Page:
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Atlantic Mackerel (Scomber scombrus)

Atlanic Mackerel (Scomber scombrus) (image via fishbase)The Atlantic mackerel is a common and widespread fish around Irish coasts. A favourite with anglers, it is often caught in great numbers during the summer when huge shoals move inshore to feed on vast numbers of herring fry and sand eel.

Mackerel is a handsome, streamlined fish that belongs to the same family as tuna. Like its larger relative the mackerel is designed for speed and agility. It is a commercially important species that is fished extensively throughout its range. It is silver underneath and the upper surface is an iridescent blue-green punctuated with attractive dark bands. The head is long, with large eyes and a large mouth that’s armed with small sharp teeth. There are two dorsal fins on the back, the first originating over the middle of the pectoral fins and the second nearer the tail.

The species is a resident of the north Atlantic ocean and the Baltic, Mediterranean and Black seas. There are two main stocks in the north-east Atlantic, the North Sea stock to the east and the British Isles stock – which includes the mackerel in Irish waters – to the west.

Adult fish are usually between 35 to 46 cm (c. 14 to 18 inches) long, with some reaching lengths of up to 56 cm (c. 22 inches). They typically weigh between and 0.45 and 1.8 Kg (1 lb and 4lb). Occasionally very large mackerel are landed, like the 3.4 Kg (7.5 lb) specimen caught from the schooner Henrietta off the east coast of the USA in 1925.

Mackerel are pelagic, which means that they are free swimming and live their lives in the open ocean. The species is found between the surface and a maximum depth of around 1,000 metres (c. 3,281 feet). Adult mackerel spend winter in deeper water offshore, but as the water warms in spring and summer they move inshore and form huge schools containing many thousands of fish near the surface.

Because they breathe using a method known as ram ventilation mackerel have to swim constantly to ensure a continuous flow of water over their gills. Mackerel are generally most active during the day, when they feed on a small fishes like sand-eel and herring fry, as well as zooplankton (tiny crustaceans and other animals) that they filter from the water. Seeing a huge shoal of mackerel feeding at the surface on an even larger shoal of herring fry is quite a spectacle, and is not uncommon around the Irish coast during the summer months.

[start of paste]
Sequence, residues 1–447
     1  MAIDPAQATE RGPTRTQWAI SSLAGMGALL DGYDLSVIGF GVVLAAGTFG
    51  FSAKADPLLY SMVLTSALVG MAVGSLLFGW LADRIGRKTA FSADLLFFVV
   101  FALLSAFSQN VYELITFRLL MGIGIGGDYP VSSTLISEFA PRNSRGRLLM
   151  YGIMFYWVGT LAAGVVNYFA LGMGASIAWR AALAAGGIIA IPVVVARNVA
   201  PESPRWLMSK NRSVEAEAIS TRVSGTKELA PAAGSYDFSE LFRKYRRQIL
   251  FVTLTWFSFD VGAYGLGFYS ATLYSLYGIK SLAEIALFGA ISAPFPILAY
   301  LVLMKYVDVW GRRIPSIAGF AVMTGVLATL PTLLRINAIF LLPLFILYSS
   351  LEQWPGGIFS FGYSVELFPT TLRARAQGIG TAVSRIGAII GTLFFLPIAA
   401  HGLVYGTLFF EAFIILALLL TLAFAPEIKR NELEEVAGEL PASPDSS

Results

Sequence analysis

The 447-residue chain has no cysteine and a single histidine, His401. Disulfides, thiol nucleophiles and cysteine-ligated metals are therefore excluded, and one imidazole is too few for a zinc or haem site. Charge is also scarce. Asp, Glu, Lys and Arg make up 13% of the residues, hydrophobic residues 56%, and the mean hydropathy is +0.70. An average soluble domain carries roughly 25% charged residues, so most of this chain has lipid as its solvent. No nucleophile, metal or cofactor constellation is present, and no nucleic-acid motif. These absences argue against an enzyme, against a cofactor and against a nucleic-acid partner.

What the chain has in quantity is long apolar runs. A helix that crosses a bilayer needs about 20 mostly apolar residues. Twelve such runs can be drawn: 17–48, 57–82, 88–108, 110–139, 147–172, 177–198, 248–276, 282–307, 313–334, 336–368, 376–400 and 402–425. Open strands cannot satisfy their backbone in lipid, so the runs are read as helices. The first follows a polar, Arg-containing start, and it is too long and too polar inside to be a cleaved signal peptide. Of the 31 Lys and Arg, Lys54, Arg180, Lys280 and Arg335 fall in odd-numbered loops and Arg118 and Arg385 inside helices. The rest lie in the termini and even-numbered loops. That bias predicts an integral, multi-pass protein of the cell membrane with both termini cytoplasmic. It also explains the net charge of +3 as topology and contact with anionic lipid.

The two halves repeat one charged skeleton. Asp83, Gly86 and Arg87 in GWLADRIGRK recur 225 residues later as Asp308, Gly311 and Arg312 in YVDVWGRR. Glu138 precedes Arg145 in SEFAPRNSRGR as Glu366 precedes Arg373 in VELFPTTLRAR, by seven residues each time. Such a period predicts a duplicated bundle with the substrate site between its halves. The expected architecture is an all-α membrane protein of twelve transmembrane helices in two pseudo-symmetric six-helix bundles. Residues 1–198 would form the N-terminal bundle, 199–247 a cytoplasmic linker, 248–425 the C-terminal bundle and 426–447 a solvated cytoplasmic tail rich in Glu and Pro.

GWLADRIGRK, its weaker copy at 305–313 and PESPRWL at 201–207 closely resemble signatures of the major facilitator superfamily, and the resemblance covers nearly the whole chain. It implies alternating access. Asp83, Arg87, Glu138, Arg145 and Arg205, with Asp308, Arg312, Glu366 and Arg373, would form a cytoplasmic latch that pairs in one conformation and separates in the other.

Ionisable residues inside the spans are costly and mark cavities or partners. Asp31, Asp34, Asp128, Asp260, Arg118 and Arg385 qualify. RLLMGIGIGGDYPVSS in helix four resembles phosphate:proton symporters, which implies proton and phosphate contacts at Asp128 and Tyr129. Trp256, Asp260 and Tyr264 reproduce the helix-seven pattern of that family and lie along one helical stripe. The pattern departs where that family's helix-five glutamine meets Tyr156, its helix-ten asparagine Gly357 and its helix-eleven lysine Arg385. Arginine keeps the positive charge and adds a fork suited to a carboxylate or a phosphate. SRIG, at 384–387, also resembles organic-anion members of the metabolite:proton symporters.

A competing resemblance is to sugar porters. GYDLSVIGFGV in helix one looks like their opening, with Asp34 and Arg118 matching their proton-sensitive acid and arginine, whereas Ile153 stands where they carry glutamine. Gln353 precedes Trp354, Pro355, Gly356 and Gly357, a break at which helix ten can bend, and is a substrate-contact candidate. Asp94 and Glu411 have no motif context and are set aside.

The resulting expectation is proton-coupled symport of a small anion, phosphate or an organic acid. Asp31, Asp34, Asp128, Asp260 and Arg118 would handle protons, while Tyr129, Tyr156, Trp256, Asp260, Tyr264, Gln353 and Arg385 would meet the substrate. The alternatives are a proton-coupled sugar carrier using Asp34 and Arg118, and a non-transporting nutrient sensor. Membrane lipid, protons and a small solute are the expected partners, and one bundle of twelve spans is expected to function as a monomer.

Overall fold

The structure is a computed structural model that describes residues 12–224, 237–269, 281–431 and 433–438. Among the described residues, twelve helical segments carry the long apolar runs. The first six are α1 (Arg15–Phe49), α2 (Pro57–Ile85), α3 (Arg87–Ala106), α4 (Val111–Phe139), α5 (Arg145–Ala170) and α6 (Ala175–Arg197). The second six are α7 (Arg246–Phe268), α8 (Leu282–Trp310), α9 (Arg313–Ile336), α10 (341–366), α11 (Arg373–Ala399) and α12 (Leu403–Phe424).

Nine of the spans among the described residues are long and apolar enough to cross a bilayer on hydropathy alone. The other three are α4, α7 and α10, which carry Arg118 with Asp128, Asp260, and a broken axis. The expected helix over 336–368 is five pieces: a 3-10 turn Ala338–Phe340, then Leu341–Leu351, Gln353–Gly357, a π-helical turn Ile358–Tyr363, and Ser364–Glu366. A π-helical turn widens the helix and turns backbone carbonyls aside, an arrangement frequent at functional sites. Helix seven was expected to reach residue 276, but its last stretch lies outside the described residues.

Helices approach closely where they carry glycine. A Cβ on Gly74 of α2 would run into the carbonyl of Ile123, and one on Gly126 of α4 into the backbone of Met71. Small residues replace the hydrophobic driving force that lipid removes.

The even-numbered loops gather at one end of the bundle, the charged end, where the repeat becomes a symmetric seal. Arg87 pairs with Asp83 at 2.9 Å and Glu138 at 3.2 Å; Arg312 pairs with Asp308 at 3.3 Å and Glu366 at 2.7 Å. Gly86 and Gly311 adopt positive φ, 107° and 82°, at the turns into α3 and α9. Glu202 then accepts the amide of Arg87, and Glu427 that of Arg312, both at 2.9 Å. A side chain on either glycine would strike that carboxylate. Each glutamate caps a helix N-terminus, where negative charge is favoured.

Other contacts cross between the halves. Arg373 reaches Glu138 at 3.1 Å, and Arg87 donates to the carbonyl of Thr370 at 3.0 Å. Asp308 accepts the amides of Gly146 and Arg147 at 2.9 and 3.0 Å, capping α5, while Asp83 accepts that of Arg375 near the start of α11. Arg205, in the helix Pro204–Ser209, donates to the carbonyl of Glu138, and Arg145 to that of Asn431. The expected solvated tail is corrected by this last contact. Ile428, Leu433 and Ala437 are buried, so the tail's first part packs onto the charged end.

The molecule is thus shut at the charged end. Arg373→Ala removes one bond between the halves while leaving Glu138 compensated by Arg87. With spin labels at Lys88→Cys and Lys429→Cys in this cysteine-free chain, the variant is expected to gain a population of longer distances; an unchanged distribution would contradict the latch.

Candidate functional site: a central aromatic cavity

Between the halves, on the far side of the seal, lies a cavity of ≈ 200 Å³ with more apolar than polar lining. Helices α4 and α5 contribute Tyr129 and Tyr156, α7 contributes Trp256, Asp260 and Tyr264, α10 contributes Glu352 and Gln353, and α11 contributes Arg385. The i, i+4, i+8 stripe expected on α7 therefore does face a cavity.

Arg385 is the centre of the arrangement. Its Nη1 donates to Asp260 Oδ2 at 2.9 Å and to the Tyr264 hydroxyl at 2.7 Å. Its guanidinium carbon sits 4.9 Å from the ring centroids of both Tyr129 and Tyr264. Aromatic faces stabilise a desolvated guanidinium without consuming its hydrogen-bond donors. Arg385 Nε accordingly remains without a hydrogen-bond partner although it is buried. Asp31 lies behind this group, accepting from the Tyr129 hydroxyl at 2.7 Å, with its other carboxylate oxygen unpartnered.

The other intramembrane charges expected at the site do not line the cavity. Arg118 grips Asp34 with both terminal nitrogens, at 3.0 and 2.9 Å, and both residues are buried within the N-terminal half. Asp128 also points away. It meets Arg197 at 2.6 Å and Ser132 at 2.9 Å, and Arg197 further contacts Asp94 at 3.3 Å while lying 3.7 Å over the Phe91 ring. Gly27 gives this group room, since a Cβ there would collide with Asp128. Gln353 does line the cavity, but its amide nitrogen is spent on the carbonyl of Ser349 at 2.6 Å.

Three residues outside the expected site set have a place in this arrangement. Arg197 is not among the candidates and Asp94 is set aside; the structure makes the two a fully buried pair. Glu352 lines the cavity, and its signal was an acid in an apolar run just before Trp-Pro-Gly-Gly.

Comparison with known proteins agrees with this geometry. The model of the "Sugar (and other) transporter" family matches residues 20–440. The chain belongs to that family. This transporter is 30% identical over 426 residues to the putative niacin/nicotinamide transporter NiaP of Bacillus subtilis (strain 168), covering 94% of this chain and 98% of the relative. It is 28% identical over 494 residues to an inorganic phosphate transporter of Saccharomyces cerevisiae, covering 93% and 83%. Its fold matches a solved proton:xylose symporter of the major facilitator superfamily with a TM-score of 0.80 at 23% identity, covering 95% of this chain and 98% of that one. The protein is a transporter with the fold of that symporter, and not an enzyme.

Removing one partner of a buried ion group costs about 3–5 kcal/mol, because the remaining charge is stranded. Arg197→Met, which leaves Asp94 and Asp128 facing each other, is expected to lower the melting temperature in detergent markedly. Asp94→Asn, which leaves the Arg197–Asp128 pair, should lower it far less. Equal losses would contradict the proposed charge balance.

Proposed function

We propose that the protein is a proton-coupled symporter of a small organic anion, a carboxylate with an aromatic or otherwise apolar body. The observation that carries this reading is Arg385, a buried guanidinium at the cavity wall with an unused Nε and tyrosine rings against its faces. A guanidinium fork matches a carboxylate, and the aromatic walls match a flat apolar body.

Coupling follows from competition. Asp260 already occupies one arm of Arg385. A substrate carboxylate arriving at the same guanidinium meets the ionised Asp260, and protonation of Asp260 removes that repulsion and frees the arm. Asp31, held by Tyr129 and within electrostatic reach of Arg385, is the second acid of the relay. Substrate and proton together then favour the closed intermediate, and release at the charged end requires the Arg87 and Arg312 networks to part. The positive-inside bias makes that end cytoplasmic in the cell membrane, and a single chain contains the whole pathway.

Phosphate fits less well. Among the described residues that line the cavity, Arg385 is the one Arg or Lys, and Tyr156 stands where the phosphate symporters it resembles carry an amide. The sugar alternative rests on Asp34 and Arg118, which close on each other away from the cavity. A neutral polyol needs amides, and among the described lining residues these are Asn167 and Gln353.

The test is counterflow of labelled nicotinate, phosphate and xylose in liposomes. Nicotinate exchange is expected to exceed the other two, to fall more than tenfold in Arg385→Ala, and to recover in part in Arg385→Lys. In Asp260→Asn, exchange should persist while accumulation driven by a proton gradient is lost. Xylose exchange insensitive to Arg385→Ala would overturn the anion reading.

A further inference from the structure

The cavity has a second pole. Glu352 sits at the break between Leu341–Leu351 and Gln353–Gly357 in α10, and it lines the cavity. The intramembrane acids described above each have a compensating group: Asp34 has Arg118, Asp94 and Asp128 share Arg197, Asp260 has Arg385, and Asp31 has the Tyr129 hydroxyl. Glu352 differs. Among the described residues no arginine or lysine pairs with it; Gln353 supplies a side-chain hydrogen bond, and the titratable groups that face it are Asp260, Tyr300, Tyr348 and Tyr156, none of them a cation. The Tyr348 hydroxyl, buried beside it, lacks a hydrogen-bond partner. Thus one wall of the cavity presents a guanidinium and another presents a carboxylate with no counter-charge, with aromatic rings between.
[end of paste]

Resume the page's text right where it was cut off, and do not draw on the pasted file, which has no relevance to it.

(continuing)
Spawning takes place in the open ocean, and eggs and sperm are released into the water. Each egg contains a small globule of oil that gives it buoyancy and keeps it near the surface. Once hatched the tiny mackerel feed on the larvae of minute crustaceans called copepods. As they grow they start taking adult copepods and other zooplankton. Most of the eggs, larvae and young fish will fall prey to larger predators during their time in the plankton. Those that survive grow quickly, and will reach a length of about 25cm (c. 10 inches) in their first year. Mackerel can live for up to 25 years, although in reality few will reach that age.

Like many commercial marine fish species mackerel populations are under intense fishing pressure throughout their range. During the 1960s mackerel stocks in the north-east Atlantic plummeted as a direct result of overfishing. Although mackerel populations can recover moderately quickly given the opportunity, sustained overfishing represents a very real threat to the long term prospects of this common fish species.

1 comment

  • Brendan Quinn

    Hello Calvin, I met you briefly near Galley head recently, before heading out on Holly Jo, I’m a director of IWDG.. I came across several large shoals of small fish leaping clear of the water at speed (either to avoid my sea kayak, or cormorants, no other predators were visible), sea state 1…which looked like very young mackerel (about 20cm), but this is very small for this time of year, and is that their normal behaviour? it was off Inishmurray in Sligo, interestingly there was also a group of leach’s petrels! Some pelagic science guys reckon Garfish, I’m not convinced, maybe herring? They had greenish back, silvery, long, and a distinct deep v-shaped tail. all offshore, started seeing them 2 miles out,

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